Opt for healthier fats like unsaturated oils in your cooking and dressings
Fats and oils are full of energy and vitamins so use the smart healthier ones, like olive oil and rapeseed oil. Minimise the use of saturated fats and trans fats, which can be detrimental to heart health. As hospitality and restaurant operators, you can positively influence your customers’ health and well-being through the meals you serve. By providing balanced and nutritious options, you can promoting healthier eating habits.
We asked our nutritionist Kate Law, Founder and Director of The Food Boss, a nutrition consultancy specialising in women’s health and sports nutrition to tell us which fats and oils are best for optimum heart health. She explains the effects of different fats on the body and outlines what a balanced intake of fat could look like over a day.
Which fats and oils are best for optimum heart health?
Compared to carbohydrates and protein which both provide 4 calories per gram, fats provide us with over double that at 9 calories per gram. (1) This means that we must be mindful of the quantities we use and make good choices around the different types available to us.
Fats provide our bodies with energy but are also a carrier for vitamins A and D to be transported around the body (1). These are known as fat soluble vitamins. Ensuring we consume enough fat within our diet is also important as fat stores are required for us to stay warm and insulate our organs.
Fat comes in a several different forms and ensuring we have a mix of these is what’s most important. There is not one “best” fat or oil to use. Butter is almost entirely saturated fat whereas an olive oil or rapeseed oil contain mostly unsaturated fat. A very easy way to understand which type of fat the main component is, would be if it is solid or liquid at room temperature. Those that are solid such as butter or coconut oil contain mostly saturated fat and those which are a liquid such as rapeseed oil contain mostly unsaturated fat.
What are the effects of different fats on the body and heart health?
Eating too much saturated fat can increase cholesterol levels within the body. There are also other factors such as genetics which can influence these levels too so it’s important to generally consume more unsaturated fats than saturated fats. (2)
Rapeseed oil is an unsaturated fat and there is good evidence to suggest that having a higher ratio of unsaturated fat to saturated fat can help to lower cholesterol levels. This doesn’t mean we should completely remove saturated fat from our diet, but it does mean we should aim to include more unsaturated fat. A high intake of saturated fat has been shown to increase levels of LDL cholesterol which can increase your risk of heart disease or stroke by causing blockages in your arteries. (1)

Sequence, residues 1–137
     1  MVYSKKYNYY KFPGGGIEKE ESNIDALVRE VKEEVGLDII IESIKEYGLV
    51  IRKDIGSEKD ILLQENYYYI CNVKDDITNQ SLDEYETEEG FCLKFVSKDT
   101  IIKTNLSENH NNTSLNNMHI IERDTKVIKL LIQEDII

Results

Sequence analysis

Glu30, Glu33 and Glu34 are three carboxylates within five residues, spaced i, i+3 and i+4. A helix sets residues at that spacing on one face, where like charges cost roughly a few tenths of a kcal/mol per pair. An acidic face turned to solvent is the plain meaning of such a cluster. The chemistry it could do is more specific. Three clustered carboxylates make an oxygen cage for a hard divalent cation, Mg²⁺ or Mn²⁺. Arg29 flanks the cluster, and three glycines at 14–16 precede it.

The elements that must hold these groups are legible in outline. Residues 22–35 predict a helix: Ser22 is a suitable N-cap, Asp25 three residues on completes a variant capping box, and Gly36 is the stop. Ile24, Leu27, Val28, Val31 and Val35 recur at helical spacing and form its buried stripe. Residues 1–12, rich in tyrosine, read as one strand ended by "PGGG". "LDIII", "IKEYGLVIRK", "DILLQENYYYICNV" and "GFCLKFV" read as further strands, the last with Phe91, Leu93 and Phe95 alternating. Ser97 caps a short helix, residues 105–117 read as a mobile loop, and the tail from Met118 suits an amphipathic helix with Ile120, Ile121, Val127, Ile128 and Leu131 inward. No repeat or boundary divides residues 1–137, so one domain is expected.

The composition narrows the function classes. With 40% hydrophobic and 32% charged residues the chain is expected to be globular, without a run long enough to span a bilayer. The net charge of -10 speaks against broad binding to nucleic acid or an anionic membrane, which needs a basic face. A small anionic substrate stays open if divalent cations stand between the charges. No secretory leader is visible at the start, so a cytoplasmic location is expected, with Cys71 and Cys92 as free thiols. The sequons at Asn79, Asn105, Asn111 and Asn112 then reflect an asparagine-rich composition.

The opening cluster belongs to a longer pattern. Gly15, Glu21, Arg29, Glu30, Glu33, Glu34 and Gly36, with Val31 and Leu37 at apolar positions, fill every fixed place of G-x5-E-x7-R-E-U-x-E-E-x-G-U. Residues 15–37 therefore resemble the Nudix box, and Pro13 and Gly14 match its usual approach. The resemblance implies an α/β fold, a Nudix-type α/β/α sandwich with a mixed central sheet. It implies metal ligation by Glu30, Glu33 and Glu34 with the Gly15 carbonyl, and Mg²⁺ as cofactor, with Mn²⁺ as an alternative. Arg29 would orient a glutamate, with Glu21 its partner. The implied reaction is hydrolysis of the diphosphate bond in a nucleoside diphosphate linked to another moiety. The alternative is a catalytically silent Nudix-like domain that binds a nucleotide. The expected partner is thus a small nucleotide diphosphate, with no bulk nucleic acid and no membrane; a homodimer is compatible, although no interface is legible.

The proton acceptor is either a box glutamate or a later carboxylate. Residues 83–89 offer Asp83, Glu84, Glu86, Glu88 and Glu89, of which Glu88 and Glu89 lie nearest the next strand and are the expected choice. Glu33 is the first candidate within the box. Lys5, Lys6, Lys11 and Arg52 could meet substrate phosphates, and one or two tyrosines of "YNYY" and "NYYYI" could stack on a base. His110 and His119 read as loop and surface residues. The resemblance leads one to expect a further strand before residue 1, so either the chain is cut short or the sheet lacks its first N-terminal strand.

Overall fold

The other type of fat which is yet to be mentioned is trans fats (or partially hydrogenated fats) which are used in food manufacturing to prolong shelf life. They are linked to an increase in cholesterol levels and despite trans fats not yet being banned in the UK (like many other countries) many manufacturers signed a voluntary agreement in 2012 committing to remove them from processing. They are commonly found in heavily processed sweet foods and fast foods and are dangerous because their chemical structure is artificially changed for them to be useful. This is really the only type of fat we don’t require. (3)
What could a balanced intake of fat look like over a day?
Whilst there are many ways to include fats and oils into your daily diet below are a few examples of meals and ingredients you could use to ensure you are obtaining a wide variety.
- Breakfast: 2 free range eggs on wholegrain toast with a plant based spread and sliced tomato
- Lunch: Smoked salmon & cream cheese bagel
- Dinner: Coconut chicken and veg traybake, (use coconut oil as your base). Top with mixed seeds before serving
- Snacks: Slice of homemade banana bread. ½ avocado and cottage cheese on 2 rice cakes
This article was written by Registered Associate Nutritionist Kate Law who is the Founder and Director of The Food Boss a nutrition consultancy specialising in women’s health and sports nutrition. You can find Kate on Instagram @the_food_boss_
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Arrange a time with Stuart Moore. An experienced restauranteur and entrepreneurial professional, passionate about gaining a deep understanding of what you need, before building a partnership that creates long-term value. Then proactively delivering powerful and innovative solutions to drive business performance. He is an inquisitive thinker, problem solver and solutions provider. indicater.com is a modular, cloud-based platform that simplifies your multi-unit hospitality or restaurant operations, controls your costs and ingredient compliance – in real-time. Providing clear financial visibility and powerful insights into your business data, combined with excellent support from our UK team of ex-hospitality professionals and technologists. The company was founded in 2000, and operates independently with the support and resources of the Volaris Group, a buy-and-hold acquirer of software businesses, who focus on the long term success of their companies.